Polio blow in Bengal with vaccine lesson

05/06/2014 09:48

http://www.telegraphindia.com/1120318/jsp/nation/story_15264605.jsp

 

Polio blow in Bengal with vaccine lesson

Sunday , March 18 , 2012
 

New Delhi, March 17: India has recorded its first case of polio caused by a vaccine-derived poliovirus (VDPV) this year in a five-month-old child in Murshidabad district of Bengal but the country remains free of the wild poliovirus.

A polio surveillance laboratory in Calcutta has found that the child from Lalbag block in Murshidabad was infected by VDPV, which occurs when the weakened virus in the oral polio vaccine (OPV) mutates over time, and regains the ability to cause paralysis.

Surveillance experts say VDPVs are extremely rare and typically occur in children with immunodeficiency or in populations with low levels of immunity. The child in Lalbag has had repeated episodes of infections, indicating the possibility of immunodeficiency, the polio surveillance programme run by the Union health ministry and the World Health Organisation said in an update on VDPVs.

The Institute of Serology, Calcutta, detected the VDPV on March 2 this year, about a week after the WHO deleted India from the list of polio-endemic countries after more than a year free of the wild poliovirus.

Public health experts say India remains free of wild polio, but the local response to VDPVs should be similar to the management of wild poliovirus outbreaks — rapid implementation of local mass immunisation campaigns.

Last year, the surveillance programme detected seven cases of VDPVs — one in a child with congenital immune deficiency in Dhamtari, Chhattisgarh, and the other six from areas with low routine immunisation coverage — Udaipur in Rajasthan, Ghaziabad and Badaun in Uttar Pradesh, Barnala in Punjab, Vidisha in Maharashtra, and Jajpur in Odisha. Rapid immunisation helped prevent the circulation of VDPVs that emerged in India during 2010 and 2011.

A VDPV is a risk associated with OPV that contains live, weakened vaccine virus. A child vaccinated with OPV excretes the vaccine virus for six to eight weeks and, rarely, a vaccine virus may genetically mutate and cause disease in vulnerable children.

“But even one case of VDPV should be viewed as the tip of an iceberg,” said Thekakarra Jacob John, former head of medical virology at the Christian Medical College, Vellore, and former member of a technical group that advises the government on polio.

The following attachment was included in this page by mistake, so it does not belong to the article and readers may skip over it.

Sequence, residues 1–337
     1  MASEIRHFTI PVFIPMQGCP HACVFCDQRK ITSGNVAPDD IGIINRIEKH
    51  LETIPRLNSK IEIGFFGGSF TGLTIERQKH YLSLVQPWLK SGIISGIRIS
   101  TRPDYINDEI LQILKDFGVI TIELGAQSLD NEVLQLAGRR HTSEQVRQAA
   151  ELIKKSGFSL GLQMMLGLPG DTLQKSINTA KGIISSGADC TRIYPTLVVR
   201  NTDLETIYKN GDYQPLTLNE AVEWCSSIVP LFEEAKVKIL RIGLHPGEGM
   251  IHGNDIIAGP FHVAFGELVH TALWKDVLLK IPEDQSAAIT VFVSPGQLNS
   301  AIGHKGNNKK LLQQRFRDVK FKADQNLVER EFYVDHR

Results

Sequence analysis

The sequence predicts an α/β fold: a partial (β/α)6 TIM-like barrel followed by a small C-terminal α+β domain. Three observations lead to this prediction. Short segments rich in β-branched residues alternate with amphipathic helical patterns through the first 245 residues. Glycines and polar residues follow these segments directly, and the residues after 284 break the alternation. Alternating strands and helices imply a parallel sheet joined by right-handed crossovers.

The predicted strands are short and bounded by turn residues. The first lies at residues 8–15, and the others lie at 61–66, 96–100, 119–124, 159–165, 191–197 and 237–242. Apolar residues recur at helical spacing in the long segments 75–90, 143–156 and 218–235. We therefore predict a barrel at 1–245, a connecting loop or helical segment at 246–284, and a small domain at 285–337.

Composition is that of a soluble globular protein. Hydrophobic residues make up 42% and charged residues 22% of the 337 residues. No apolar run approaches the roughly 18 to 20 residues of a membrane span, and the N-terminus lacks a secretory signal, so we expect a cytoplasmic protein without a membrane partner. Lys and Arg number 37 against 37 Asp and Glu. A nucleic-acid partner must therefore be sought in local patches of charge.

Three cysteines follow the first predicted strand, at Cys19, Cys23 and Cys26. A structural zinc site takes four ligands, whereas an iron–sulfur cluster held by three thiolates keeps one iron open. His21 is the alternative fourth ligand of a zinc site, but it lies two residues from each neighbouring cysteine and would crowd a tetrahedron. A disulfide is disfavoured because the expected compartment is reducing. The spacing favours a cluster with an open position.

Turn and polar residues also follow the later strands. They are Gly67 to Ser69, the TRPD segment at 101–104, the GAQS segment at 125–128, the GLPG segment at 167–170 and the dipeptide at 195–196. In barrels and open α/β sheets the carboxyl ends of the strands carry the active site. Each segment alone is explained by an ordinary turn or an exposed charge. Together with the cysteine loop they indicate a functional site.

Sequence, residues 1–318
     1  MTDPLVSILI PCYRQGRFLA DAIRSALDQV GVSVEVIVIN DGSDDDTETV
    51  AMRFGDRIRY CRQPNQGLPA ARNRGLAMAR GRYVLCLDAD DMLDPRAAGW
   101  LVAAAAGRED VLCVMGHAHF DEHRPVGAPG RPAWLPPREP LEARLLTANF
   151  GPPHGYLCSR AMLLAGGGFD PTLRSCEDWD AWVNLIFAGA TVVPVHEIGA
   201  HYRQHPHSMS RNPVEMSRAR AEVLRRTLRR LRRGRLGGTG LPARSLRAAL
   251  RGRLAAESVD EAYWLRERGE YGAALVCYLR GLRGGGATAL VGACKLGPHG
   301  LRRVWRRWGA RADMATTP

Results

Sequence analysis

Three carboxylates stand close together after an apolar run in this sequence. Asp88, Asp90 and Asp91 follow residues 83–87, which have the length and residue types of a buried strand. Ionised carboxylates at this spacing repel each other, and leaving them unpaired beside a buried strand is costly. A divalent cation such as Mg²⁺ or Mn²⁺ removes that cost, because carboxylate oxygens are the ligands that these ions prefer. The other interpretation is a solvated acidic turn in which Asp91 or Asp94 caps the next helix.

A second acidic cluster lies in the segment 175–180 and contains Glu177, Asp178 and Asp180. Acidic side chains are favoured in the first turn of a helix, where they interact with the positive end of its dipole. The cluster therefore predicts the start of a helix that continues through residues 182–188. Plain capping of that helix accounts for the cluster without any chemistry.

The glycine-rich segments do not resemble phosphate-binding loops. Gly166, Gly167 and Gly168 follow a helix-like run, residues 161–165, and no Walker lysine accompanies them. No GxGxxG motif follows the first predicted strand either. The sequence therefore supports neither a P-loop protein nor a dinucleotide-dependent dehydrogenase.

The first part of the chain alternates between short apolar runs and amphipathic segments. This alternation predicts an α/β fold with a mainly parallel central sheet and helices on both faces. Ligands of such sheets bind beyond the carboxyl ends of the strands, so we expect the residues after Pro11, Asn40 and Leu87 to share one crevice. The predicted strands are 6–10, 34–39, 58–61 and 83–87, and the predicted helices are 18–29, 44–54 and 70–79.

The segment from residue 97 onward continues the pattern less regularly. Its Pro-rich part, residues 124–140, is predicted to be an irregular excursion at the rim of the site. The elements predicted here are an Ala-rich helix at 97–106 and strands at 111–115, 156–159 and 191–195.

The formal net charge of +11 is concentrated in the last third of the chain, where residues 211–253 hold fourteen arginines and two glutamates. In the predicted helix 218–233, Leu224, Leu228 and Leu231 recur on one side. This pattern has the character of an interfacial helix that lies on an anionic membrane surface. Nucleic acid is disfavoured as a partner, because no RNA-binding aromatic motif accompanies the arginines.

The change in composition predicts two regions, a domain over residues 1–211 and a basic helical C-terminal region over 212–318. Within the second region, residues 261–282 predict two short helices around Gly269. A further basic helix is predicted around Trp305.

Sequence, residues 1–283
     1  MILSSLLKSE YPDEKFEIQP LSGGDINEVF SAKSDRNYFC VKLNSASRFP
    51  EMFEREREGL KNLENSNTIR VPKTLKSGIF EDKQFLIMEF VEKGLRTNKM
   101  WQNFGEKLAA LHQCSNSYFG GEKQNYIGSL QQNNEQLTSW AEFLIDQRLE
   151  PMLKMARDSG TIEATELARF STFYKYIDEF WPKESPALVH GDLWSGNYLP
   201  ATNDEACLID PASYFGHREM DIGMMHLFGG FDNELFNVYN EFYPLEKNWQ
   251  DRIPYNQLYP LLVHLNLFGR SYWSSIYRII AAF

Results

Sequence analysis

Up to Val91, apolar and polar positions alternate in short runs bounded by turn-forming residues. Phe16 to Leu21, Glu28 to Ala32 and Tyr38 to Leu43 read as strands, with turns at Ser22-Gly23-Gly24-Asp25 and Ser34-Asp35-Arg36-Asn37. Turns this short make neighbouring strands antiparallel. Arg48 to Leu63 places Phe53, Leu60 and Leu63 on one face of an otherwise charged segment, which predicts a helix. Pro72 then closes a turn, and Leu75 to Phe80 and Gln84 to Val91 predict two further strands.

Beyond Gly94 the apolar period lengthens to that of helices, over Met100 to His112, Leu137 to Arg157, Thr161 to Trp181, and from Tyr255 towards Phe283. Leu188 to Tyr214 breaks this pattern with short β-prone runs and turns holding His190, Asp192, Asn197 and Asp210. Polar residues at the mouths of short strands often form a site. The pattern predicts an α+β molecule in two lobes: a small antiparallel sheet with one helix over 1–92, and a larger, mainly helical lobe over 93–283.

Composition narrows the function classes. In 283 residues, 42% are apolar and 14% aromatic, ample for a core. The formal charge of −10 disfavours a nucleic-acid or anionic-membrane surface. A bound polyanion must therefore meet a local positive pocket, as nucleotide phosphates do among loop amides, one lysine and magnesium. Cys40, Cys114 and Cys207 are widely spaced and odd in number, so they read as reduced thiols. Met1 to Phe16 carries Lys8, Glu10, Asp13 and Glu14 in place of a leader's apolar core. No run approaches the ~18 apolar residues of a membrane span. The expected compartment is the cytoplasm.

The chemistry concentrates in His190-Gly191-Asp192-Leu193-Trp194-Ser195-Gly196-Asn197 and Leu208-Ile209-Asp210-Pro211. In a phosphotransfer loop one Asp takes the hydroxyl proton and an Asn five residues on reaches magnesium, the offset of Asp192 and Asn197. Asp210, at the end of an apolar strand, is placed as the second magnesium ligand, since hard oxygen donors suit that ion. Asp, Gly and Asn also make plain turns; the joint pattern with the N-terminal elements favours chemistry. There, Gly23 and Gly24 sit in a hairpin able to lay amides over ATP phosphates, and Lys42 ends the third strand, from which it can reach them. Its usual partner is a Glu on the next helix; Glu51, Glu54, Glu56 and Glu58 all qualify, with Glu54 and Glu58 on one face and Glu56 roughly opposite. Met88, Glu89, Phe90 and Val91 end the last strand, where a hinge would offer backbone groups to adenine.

“Each VDPV is a signal that the vaccine virus from OPV has become wild-like — and the rule in polio is that for every one infection detected, there are perhaps up to 1,000 silent infections,” John told The Telegraph.

The emergence of VDPVs, some of which have circulated and caused outbreaks, in several countries over the past decade, has prompted the WHO to rethink the polio eradication strategy and consider the option of introducing an inactivated polio vaccine (IPV), which contains killed viruses, and thus does not carry the risk of VDPV.

“There’s no alternative — the IPV will have to be introduced to intercept the emergence of VDPVs,” said John, who had in the late-1990s predicted the risks of trying to eradicate wild polio with OPV alone.

A report on VDPVs from the US Centres for Disease Control released last year said more than 400 cases of VDPV had been detected from countries in Africa, Asia and Europe between July 2009 and March 2011.

The Union health ministry has specific guidelines on following up each case of VDPV that include investigations on immunological conditions of each patient, efforts to determine if the VDPV is circulating in the community, and assess the population immunity in the immediate vicinity of the VDPV case.

The National Polio Surveillance Project says the OPV is a very safe and effective vaccine that is protecting millions of children from paralysis caused by the wild virus. The agency said the chance of an importation of the wild poliovirus remains “the larger threat to the children of India”.